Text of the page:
Philippine Self-Help Foundation

An old rice pan filled with two inches of sand set on a charcoal stove serves as Nanette's oven. She bakes cakes such as brazo de mercedes (jelly roll can with custard filing) using this. She loves to bake but as she does not have an oven, she just improvises. 

Nanette (36) comes from the quiet village of Galicia in the southern Negros Occidental town of Ilog, approximately 100 kilometres from Bacolod, the provincial capital. She lives here with her husband Ian, also 36, and their two children, Karl Heinrich (8) who is in grade three and Brianna (5) who is in kindergarten.

Until August last year, Ian worked for a motorcycle company in Kabankalan, the next town. When his company had a reorganisation last year, he was told that he would be assigned to Bacolod. When he heard this, he decided to resign. Firstly he did not want to be away from his family. Kabankalan is only half an hour away by motorcycle from Galicia so he was able to go home to his family everyday. Secondly, it would have been more expensive to work in Bacolod as he would have had to pay for his lodging.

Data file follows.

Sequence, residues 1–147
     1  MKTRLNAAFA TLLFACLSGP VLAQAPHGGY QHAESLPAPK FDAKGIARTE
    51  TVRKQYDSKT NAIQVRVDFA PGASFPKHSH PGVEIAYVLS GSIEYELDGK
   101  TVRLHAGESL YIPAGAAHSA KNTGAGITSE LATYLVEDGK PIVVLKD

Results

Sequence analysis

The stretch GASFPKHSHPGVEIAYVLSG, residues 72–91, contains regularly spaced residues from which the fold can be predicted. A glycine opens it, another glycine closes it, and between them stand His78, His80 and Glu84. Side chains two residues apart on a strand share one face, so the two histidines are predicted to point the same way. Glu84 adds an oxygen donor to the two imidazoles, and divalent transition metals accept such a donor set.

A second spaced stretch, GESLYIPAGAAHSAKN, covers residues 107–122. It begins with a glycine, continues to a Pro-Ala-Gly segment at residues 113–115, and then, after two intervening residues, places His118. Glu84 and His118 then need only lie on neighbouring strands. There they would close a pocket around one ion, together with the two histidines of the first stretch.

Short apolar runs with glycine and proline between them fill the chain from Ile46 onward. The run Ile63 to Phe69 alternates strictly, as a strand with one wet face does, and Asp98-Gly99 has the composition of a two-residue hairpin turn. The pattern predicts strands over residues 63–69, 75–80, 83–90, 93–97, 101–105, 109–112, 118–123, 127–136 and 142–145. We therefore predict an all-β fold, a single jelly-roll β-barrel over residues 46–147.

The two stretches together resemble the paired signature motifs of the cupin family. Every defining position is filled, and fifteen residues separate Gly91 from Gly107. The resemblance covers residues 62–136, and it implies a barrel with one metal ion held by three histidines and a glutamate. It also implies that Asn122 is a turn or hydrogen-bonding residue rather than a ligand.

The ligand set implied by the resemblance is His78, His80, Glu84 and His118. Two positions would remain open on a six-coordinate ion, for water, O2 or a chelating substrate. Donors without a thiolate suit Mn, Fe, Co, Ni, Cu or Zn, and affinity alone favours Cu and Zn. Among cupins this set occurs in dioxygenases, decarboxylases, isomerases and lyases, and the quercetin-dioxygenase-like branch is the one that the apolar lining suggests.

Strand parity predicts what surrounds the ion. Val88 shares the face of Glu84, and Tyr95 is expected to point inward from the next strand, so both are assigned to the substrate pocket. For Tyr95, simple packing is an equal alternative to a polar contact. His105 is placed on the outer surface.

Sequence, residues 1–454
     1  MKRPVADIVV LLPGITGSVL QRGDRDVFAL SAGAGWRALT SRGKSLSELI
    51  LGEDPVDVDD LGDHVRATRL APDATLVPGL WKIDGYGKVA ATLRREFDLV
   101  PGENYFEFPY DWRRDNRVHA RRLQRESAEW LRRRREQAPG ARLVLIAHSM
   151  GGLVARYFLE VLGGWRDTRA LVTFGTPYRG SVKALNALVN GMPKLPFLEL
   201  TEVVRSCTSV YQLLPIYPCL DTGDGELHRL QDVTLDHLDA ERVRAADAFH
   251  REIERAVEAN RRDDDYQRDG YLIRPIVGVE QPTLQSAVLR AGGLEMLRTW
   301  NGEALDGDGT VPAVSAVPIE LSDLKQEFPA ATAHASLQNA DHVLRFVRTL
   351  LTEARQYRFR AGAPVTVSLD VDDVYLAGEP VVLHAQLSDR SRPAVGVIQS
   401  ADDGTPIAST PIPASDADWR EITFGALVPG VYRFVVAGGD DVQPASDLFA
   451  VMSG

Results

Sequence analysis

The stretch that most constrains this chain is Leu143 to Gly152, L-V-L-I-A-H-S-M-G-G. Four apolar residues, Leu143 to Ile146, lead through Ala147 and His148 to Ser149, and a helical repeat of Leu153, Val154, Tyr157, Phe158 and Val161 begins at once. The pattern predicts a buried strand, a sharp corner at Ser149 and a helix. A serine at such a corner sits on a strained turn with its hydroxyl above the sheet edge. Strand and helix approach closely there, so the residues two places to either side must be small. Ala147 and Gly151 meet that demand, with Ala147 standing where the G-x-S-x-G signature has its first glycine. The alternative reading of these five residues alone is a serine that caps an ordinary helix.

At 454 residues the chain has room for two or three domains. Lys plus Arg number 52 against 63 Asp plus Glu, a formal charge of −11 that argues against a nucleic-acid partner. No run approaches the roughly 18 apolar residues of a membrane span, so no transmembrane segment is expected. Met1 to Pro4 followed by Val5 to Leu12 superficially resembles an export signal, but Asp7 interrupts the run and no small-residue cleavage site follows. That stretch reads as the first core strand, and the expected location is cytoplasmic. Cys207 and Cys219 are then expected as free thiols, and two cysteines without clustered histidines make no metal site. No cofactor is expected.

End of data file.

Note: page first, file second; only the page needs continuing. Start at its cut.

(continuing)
In order to cope with the loss of income (Ian was receiving a monthly salary of 10,000 pesos from the motorcycle company), he and Nanette started making puto (steamed rice cakes) and yema cake (egg yolk and sugar) to sell in Cauayan, the next town. Later on, the couple started to make ‘ice buko candy’, made from milk and shreds of young coconut. They make about 7,500 pesos (£105) per month from the sale of these delicacies.

Nanette is very keen to have an electric oven because by having one, she will be able to focus on baking. She has been getting orders for her jelly roll cake but she can only come up with a few each week because her equipment is inadequate. Sometimes her cake even smells of smoke. By having an oven, she will be able to make decent cakes such as chiffon, brownies, and cupcakes. She anticipates a net income of 2,000 pesos (£28) per month from selling her baked products.

Ian and Nanette and their children live in a pretty run-down room at the back part of Nanette’s grandmother’s equally dilapidated house. Their dwelling consists of a bedroom and an improvised dirt-floored kitchen. They are keen to build a decent house someday and they have already bought 200 cement blocks for this purpose. Hopefully the extra income from Nanette’s baking business will enable them to start saving funds towards this end. Nanette is most grateful to the PSHF for this opportunity to improve her livelihood.

Bernadette G. Togado

PSHF Negros Occidental-South

February 2018